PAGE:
3. Maintain an accurate semen inventory to lessen the risk of semen exposure.
4. Raise the canister just high enough to grasp the top of the cane with a tweezers – 5 inches (12.5 cm) from top of tank.
FULL STORY PDF
SDCA Elects New Leadership During Annual Convention
The South Dakota Cattlemen’s Association (SDCA) is pleased to announce the conclusion of another successful convention.
Last week, the SDCA convention and trade show was held at the Watertown Event Center. A phenomenal line-up of educational speakers, along with the important committee meetings and the annual membership meeting educated and entertained SDCA members. We would like to thank the Coteau Hills Cattlemen for their help in making this one of our largest and most successful events ever!
Failed beef plant sales rep indicted
A former refrigeration sales representative was indicted Tuesday on federal charges that he helped steal $187,725 from Mississippi in a scheme involving a failed beef plant that cost taxpayers millions.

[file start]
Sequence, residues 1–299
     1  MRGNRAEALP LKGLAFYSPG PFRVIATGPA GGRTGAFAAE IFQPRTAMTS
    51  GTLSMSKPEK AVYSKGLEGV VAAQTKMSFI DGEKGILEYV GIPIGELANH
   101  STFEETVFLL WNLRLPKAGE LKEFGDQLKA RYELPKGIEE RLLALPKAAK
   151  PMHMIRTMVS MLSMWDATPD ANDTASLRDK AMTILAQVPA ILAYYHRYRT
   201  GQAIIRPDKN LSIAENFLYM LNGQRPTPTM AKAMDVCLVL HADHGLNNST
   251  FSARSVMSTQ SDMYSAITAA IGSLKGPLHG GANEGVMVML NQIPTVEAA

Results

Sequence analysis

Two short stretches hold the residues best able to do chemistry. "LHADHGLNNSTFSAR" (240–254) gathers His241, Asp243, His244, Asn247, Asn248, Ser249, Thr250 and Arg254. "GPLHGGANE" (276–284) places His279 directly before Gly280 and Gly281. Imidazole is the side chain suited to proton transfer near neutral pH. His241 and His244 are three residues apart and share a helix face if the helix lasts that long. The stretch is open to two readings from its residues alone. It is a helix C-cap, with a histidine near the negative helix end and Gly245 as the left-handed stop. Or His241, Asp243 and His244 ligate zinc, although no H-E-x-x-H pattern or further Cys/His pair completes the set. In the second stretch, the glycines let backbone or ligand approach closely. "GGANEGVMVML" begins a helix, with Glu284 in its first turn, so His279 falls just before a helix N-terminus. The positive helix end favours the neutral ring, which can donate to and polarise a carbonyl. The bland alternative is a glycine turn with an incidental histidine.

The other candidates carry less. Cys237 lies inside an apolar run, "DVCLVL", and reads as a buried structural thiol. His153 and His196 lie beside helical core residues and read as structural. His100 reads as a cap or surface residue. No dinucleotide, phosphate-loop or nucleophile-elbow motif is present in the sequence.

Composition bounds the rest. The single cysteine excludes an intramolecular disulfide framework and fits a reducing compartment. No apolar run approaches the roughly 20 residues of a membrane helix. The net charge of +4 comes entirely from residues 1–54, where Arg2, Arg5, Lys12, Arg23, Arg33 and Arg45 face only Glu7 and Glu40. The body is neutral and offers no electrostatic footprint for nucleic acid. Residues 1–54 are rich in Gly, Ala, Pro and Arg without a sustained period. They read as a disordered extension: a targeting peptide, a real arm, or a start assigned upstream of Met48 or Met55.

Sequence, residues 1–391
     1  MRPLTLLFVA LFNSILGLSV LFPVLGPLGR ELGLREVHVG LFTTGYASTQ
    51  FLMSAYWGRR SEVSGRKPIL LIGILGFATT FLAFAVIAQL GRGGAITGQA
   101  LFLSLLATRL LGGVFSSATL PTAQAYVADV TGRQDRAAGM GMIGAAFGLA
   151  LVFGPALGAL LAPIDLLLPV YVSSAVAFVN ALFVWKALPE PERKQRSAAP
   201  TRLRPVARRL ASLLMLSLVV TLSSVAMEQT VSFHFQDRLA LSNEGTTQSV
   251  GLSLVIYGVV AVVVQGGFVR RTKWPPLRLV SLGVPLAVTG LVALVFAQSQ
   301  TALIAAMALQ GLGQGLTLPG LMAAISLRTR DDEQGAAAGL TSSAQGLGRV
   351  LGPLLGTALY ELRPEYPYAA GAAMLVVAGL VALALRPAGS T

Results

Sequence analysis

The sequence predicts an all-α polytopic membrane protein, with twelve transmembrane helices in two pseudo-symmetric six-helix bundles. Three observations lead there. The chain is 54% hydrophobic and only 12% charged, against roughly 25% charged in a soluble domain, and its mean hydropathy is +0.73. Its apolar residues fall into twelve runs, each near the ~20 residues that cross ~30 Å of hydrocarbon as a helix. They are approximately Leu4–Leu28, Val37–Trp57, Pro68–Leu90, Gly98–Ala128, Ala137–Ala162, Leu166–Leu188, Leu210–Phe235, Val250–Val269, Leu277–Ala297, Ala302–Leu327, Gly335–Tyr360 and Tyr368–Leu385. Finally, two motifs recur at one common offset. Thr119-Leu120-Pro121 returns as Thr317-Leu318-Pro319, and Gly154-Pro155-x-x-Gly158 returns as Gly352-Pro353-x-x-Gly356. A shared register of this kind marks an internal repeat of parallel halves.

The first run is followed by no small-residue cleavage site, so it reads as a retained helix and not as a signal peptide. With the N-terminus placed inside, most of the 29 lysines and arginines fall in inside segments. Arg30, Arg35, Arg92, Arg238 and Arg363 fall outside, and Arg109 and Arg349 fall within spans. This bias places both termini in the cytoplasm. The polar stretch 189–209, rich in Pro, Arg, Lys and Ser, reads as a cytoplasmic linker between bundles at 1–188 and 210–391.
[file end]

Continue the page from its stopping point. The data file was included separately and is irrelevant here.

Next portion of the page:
James A. Draper of Mount Juliet, Tenn., faces 30 years if convicted on both counts in the indictment. He is just the latest of several people charged in connection with the failure of Mississippi Beef Processors.
US farm exporters cheer Peru trade vote
WASHINGTON, Dec 4 (Reuters) – U.S. agriculture groups applauded the Senate’s passage on Tuesday of a free trade agreement with Peru, which exporters expect will boost farm sales to the Andean nation by more than $700 million a year.
Senators voted 77 to 18 to pass the Peru Trade Promotion Agreement, which was modified earlier this year to include stronger protections for workers and the environment.
The House of Representatives passed the deal last month.
Feeder Council will host Beyond the Bunk III
Farm & Ranch Guide
The North Dakota Stockmen’s Association (NDSA) Feeder Council will present Beyond the Bunk III, an educational program for cattle feeders, cow-calf producers and others interested in the feeding business, on Wednesday, Dec. 19, at the Doublewood Inn in Bismarck, N.D.
Plans for beef plant shelved for now
By The Associated Press